Capriati wants more
New coach brings a new perspective
By Bud Collins, Globe Columnist | May 14, 2004
ROME -- Half a lifetime ago, the eighth-grader from Florida named Jennifer made sneakered footprints in the caffe latte-hued dirt of Il Foro Italico, and began chasing the title that meant so much to her father, Stefano Capriati. Papa, an immigrant from Italy, had put a tennis racket in his child's right hand, and dreamed of Jenny winning the Italian Open.
It was 1990. She was a child all right, 14, but a kid with blacksmithian verve in her blasts from the backcourt, and a very combative heart. She has come no closer to this title than the semifinals two years ago, losing to the champ (and current favorite) Serena Williams. However, there's no doubt Capriati's headed for the International Tennis Hall of Fame one day, riding three majors (two Australian, one French) plus an Olympic gold in 1992, and 10 other titles.
"I know I've had a great career up to now -- but I want more," she is saying, looking ready for more as well as relaxed, fit, and happy.
There were times, of course, when none of those adjectives fit. Watching her grow up so publicly, through brightness and darkness, we despaired at her social stumbles, the hapless comebacks, thrilled at her triumphs, and were uplifted by her fighting resurgence.
Fourteen years on the lonely stage of tennis is a victory in itself.
"I had no clue what was in store for me the first time I played here. It was fun. My Italian relatives were here. I can't remember who I played."
Someone probably not known beyond her own parents, a Czech named Leona Laskova. A quick win, 6-0, 6-3.
But yesterday, the opposition was stiffer, No. 15 in the universe, Argentine Paola Suarez, and something different was going on with No. 9 Capriati. As she smacked a last forehand that Suarez found too hot to handle, a man in the eighth row of the venerable marble amphitheater whistled shrilly, stood, bowed, and waved his white cap at her.
She responded with a merry smile. He, the old Swiss player Heinz Gunthardt, is, for the moment anyway, standing in for Papa Capriati as Jennifer's coach. A wise move, in my view. Gunthardt, who, as you may recall, coached a pretty fair player named Steffi Graf for nine years up to her 1999 retirement, now earns his bread principally as a TV commentator.
"This is not a separation from my family," says Capriati, who -- with some new tactics -- bounded impressively into the quarterfinals for the fifth time, 6-2, 6-2. "There have been a lot of matches where I've just been so close . . ."
Last September's US Open semifinal came up, painfully: 10 times Capriati was 2 points from defeating Justine Henin-Hardenne, the champion-to-be.
Page 2 of 2 -- "What is missing? What do I need to help me get over that? If someone from the outside can come in and see things in a different way, in a perspective, to give you more confidence. It's hard to see some things when you're close with your family, or to listen because there's no separation.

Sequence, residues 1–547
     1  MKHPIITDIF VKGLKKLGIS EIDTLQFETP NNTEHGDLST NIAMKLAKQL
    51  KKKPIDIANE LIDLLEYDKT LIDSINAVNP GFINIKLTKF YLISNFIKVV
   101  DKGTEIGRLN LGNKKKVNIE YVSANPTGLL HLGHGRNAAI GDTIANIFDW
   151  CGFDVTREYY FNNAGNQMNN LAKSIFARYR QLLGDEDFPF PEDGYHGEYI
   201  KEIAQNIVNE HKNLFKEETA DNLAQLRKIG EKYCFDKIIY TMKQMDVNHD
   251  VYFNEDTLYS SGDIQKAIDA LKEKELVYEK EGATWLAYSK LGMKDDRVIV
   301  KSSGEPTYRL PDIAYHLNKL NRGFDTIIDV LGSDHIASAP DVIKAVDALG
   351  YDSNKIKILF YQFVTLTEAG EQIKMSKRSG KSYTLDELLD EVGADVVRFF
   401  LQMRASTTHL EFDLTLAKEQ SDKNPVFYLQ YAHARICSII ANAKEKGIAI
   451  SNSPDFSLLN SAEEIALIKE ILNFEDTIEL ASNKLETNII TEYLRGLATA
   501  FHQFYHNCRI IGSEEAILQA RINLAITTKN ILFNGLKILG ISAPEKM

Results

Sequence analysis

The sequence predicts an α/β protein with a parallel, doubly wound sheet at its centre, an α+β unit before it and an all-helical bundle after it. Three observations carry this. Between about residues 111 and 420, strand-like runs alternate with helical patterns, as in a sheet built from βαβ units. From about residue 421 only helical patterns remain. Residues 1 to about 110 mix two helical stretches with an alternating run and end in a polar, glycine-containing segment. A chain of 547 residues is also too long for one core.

"My dad, who didn't come here, will always be in the picture, to give me the support and love that I need. Heinz just adds an extra dimension, and he was a player. That makes him more understanding of what's going on out there."
Gunthardt, 45, a family man with three youngsters, says, "Jennifer is obviously an exceptional player. She just needs to follow her good instincts, what got her to the highest level [six times in the top 10] and remember not to step back. I can point out a few things but she's an exceptional product, and that's the only kind of player I want to work with."
Their initial collaboration was a semifinal finish last week at the German Open, losing to the champ, Amelie Mauresmo. Prior to that, her season was mediocre, 4-4 in matches.
Translation for following good instincts: Follow those bruising groundies to the net to shorten points with volleys. Volleying exceptionally yesterday, varying her shotmaking smartly, Capriati was a commanding presence. I think Gunthardt can fix her wayward serve, too. Today the test is tenacious Anna Smashnova-Pistolesi, probably followed by a shot at Serena in the semis.
The situation could have gotten out of hand as Suarez pinned Capriati at 0-40 in the opening game of the second set. Capriati, dealing with four break points, rescued herself brilliantly: a startling serve-and-volley, a backhand drop shot, an ace, and a service winner, closing the 10-point game with a forehand winner and another service winner.
"I have to go forward," Capriati says. "I'm working on it so that I don't have to think about it, that it becomes automatic.
"I've have some good years here, and some bad ones, not getting out of the first round. But you never know. In 2001, I lost at the start to Rita Kuti Kis [another household name -- maybe in her own household], but the next tournament, I won the French.
"I think the most fun I had here was beating an Italian, Sandra Cecchini [1992, 6-4, 3-6, 7-6 (7-4)]. The crowd was wild for her. It was electric."
© Copyright 2004 Globe Newspaper Company.